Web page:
“Already several weeks into what promises to be a high-risk fire season, we want to remind residents of the very real dangers involved with illegal fireworks,” said Lafayette Police Chief Ben Alldritt. “We owe it to our friends, families, and neighbors to be safe and avoid fireworks risks this Fourth of July holiday – – the City of Lafayette wants everyone to be safe and avoid fireworks-related accidents and fires.”
“We wish you all the best on this holiday and while Independence Day is a time for celebrating, it is not a time to use fireworks,” said Chief Manjit Sappal, Martinez Police Department. “We wish to make it clear that fireworks are illegal and unsafe; they can cause injury and devastating fire-related damage. Please commit to the safety of your family, friends, and neighbors by not using any fireworks.”
“Celebrating the Fourth of July is a long-standing tradition across our Nation, but we can do it without the illegal fireworks. This year in particular, the risk of fire is at an all-time high,” said Chief Brian Addington, Pittsburg Police Department. “Our message is clear – fireworks are illegal and we will have a team of officers working to catch those who choose to break the law.”
“Illegal fireworks pose serious danger to those using them, as well as the surrounding community. Sadly, last year a Pleasant Hill resident experienced a life-changing and debilitating injury while using illegal fireworks,” said Chief Bryan Hill, Pleasant Hill Police Department. “This year, as always, we are encouraging everyone to celebrate our independence in a safe and legal manner.”
While public fireworks events around the county are fewer than in years gone by due to the pandemic and drought conditions, officials strongly discourage residents from attempting to replace these events with illegal consumer fireworks use. Instead, residents are encouraged to watch a fireworks display on television or online video, use safe and readily available glow-stick products, or many other ways of celebrating.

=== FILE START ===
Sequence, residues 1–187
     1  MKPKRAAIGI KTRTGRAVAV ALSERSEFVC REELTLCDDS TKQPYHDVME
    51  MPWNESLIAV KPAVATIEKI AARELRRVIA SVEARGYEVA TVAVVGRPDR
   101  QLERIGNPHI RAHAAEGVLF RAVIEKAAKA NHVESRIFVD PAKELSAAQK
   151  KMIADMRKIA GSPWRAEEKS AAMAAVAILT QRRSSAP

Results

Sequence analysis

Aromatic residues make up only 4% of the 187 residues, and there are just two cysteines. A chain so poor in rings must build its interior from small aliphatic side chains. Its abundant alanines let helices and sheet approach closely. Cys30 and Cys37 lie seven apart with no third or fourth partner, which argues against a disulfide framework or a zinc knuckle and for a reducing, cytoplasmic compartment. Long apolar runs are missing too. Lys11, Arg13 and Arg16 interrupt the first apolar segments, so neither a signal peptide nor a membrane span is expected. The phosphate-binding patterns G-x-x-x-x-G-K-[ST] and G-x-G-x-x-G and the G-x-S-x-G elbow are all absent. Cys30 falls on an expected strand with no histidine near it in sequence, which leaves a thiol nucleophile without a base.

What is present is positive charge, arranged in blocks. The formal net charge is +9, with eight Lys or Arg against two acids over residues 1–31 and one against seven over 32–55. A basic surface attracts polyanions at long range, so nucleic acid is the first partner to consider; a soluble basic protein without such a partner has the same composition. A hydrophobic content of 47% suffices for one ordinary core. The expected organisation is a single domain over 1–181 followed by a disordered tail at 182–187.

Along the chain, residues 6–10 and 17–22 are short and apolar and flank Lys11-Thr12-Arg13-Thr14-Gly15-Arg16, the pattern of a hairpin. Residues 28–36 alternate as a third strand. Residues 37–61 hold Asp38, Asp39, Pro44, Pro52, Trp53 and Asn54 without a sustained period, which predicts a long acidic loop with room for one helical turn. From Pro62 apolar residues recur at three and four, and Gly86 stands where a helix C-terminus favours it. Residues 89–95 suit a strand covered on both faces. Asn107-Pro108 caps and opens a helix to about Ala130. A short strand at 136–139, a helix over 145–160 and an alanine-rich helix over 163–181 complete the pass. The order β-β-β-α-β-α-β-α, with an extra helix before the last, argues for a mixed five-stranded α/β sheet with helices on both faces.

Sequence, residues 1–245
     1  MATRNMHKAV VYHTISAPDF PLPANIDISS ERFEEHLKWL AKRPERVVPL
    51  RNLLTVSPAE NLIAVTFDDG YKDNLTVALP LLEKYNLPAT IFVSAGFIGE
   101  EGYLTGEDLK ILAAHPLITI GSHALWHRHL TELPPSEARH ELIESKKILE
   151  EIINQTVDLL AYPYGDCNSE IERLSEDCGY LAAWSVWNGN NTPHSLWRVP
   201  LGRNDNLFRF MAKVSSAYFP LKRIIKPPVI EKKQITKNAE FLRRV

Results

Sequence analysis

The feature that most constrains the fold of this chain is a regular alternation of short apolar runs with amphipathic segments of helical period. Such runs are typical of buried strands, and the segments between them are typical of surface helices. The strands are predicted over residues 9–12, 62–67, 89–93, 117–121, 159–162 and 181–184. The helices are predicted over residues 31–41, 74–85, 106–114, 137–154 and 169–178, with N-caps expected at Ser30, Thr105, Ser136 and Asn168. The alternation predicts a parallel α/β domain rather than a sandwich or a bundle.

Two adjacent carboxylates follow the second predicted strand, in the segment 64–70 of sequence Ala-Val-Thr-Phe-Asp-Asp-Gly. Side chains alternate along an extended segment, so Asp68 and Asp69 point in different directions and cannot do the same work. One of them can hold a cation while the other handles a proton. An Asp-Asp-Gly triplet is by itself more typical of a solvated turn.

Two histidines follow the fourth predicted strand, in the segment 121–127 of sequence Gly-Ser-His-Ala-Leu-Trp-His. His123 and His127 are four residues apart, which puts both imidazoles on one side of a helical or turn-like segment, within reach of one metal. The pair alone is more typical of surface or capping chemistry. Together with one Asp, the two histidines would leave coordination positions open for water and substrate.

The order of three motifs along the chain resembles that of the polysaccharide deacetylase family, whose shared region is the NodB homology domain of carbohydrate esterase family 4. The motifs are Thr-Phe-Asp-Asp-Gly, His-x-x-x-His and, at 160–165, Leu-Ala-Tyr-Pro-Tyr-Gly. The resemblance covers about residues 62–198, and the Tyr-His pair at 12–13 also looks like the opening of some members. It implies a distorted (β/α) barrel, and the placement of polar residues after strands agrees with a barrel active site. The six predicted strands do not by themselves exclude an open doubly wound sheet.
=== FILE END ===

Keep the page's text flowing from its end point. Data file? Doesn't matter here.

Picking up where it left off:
Con Fire will publish a list of all Fire Marshal-approved Contra Costa County displays in early July. Fire and law officials urge residents to protect their homes, families, and neighborhoods by reporting all use of illegal fireworks immediately to their local law enforcement agency’s non-emergency phone line.
In cases of fires or where immediate risk to life or property exists, 911 should be called. In addition to fire danger, there are significant risks of serious injury or death. On July 5th, 2018, an Antioch resident was severely injured handling a supposedly “Safe & Sane” firework discarded at his place of business. Nationwide, thousands are injured annually, more than half are under 15.
For more on protecting homes and businesses from wildfires, visit www.cccfpd.org/wildfireprep
About Contra Costa County Fire Protection District (Con Fire)
— A recognized fire service leader – – Con Fire provides fire and emergency medical services to more than a million people across its 304 square-mile District area, and through mutual aid, in and around the 20 cities and unincorporated communities of Contra Costa County, California. With few exceptions, county emergency ambulance transport services are provided by Con Fire through its unique sub-contractor Alliance model across the District and beyond to include some 520 square miles of the county. In 2020, the District responded to some 75,000 fire and EMS emergencies and dispatched some 95,000 ambulances, providing expert medical care on more than 74,000 ambulance transports. The District, with 26 fire stations and more than 400 employees, is dedicated to preserving life, property, and the environment.